A 15-year-old male presented to us with thickening, scaling, fissuring, and dryness of skin over both palms and soles since early childhood with worsening in winters. He had mild dryness and scaly lesions over the limbs in winters. He also had a complaint of gradually progressive, painless, mutilating constriction of the right fifth toe at the age of 12 years resulting in its autoamputation eventually with similar lesion developing in the left fifth toe a year later. There was no history of trauma or Raynaud's phenomenon or presence of any other systemic complaint.

Family history revealed that his two younger brothers also had similar complaints.

On examination, there was diffuse and marked hyperkeratosis and scaling of both palms and soles having wavy and reticulate appearance extending to both dorsi and Achilles tendon in all three brothers [Figure 1] and [Figure 2]. A few fingers had flexion deformity. There were erythematous, hyperkeratotic, and scaly plaques in antecubital and popliteal fossa. All nails were grossly thickened, curved, and shiny. There was constriction around the interphalangeal joint of the left fifth toe, and the right fifth metatarsophalangeal joint was amputated. Mucous membranes and other appendages were normal. No anomaly was detected in the systemic examination.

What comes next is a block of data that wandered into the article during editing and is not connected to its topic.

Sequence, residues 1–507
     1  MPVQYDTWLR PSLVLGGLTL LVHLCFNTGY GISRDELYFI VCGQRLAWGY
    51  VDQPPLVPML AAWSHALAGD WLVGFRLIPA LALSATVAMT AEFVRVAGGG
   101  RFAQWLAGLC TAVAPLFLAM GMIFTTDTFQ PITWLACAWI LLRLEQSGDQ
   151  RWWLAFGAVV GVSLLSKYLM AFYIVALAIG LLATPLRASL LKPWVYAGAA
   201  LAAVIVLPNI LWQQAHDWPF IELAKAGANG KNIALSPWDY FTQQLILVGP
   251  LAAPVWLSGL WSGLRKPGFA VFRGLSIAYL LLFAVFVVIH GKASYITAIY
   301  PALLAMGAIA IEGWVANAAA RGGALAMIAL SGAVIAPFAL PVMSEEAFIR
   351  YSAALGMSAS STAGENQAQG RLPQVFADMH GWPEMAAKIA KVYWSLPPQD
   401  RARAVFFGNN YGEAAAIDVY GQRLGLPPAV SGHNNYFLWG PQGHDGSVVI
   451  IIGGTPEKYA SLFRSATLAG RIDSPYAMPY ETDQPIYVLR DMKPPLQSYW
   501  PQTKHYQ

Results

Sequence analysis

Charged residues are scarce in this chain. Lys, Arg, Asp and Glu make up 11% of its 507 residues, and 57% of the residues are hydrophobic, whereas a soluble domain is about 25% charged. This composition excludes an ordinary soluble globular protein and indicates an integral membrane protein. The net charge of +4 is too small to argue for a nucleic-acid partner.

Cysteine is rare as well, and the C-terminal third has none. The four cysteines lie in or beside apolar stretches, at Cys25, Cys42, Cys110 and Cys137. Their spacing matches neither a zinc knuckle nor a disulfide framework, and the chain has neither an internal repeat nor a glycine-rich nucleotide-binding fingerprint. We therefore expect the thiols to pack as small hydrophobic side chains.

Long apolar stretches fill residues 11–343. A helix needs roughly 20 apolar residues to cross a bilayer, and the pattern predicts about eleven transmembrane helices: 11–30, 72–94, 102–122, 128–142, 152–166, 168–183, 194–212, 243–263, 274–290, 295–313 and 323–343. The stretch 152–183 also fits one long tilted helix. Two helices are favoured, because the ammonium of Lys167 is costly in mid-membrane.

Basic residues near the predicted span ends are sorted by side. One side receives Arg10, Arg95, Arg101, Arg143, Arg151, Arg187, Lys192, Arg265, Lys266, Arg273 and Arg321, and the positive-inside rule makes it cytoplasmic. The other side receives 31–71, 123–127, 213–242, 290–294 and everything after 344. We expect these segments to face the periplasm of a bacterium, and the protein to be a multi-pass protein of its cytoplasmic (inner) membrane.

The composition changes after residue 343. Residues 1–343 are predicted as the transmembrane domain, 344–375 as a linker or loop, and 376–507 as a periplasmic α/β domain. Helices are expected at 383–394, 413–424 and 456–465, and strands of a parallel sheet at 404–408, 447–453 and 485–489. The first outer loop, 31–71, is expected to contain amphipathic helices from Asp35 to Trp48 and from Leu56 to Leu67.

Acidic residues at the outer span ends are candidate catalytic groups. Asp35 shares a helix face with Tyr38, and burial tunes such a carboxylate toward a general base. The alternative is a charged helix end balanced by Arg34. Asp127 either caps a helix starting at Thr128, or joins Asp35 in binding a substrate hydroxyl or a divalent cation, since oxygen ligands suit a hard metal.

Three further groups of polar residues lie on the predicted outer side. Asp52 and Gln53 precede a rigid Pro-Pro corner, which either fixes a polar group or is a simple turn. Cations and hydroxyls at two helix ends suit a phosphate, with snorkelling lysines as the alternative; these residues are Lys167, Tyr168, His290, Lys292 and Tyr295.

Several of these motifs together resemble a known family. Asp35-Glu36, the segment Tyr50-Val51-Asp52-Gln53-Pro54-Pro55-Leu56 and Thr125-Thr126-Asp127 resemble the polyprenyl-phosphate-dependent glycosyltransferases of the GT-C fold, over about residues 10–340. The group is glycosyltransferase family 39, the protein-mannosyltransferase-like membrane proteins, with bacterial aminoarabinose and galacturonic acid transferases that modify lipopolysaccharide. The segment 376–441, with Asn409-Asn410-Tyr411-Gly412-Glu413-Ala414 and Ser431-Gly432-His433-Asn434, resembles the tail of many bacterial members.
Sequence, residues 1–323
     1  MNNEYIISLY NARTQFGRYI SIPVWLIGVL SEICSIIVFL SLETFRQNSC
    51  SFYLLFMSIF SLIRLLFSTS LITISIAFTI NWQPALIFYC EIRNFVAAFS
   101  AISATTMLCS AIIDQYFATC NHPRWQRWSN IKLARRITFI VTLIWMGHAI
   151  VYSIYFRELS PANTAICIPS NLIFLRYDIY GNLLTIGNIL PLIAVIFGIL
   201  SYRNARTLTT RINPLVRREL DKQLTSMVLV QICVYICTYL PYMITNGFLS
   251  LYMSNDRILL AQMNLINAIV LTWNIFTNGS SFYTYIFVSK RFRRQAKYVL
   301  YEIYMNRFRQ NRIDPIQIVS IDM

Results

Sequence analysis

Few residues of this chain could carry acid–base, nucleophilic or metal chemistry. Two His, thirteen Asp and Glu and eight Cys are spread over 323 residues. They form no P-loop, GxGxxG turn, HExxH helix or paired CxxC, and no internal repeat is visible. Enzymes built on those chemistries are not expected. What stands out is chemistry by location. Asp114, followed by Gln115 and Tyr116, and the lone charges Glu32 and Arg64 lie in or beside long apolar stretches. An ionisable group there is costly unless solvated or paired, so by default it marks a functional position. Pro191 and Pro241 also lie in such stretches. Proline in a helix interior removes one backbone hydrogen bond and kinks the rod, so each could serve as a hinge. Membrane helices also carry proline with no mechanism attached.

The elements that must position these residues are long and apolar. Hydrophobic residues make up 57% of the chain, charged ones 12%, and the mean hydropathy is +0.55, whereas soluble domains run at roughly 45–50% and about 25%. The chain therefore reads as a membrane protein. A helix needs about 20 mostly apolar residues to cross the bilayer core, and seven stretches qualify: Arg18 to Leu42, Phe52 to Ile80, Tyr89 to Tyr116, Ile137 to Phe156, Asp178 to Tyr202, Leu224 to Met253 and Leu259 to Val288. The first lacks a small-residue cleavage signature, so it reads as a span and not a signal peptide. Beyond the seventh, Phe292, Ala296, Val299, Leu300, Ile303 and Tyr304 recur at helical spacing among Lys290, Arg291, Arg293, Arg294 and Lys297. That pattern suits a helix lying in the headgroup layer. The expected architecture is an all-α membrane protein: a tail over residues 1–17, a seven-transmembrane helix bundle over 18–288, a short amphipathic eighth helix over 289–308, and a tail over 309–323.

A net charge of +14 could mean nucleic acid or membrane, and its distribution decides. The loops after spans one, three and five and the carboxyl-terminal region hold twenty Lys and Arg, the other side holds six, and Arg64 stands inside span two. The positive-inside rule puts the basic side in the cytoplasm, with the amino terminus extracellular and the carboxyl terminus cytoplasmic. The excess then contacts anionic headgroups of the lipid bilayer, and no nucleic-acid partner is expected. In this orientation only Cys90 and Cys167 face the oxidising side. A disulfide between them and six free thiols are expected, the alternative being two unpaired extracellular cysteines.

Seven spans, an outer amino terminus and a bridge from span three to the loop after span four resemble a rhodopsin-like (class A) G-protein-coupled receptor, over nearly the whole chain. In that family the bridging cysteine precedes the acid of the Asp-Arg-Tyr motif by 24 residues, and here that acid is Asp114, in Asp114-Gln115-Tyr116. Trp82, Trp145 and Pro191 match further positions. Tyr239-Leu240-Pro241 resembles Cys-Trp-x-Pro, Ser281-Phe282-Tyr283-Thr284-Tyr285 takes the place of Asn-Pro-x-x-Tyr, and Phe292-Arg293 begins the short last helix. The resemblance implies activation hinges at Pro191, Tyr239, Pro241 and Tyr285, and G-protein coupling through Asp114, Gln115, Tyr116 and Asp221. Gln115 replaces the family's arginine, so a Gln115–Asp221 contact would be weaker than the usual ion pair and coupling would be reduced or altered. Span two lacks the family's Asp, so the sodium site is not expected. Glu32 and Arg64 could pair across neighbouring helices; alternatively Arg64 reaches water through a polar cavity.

Figure 1: Showing diffuse and marked hyperkeratosis and scaling of both palms with wavy and reticulate appearance; flexion deformity of fingers seen

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Figure 2: Showing keratotic plaques extending to Achilles tendon; fibrous, constriction around the left little toe, autoamputated right little toe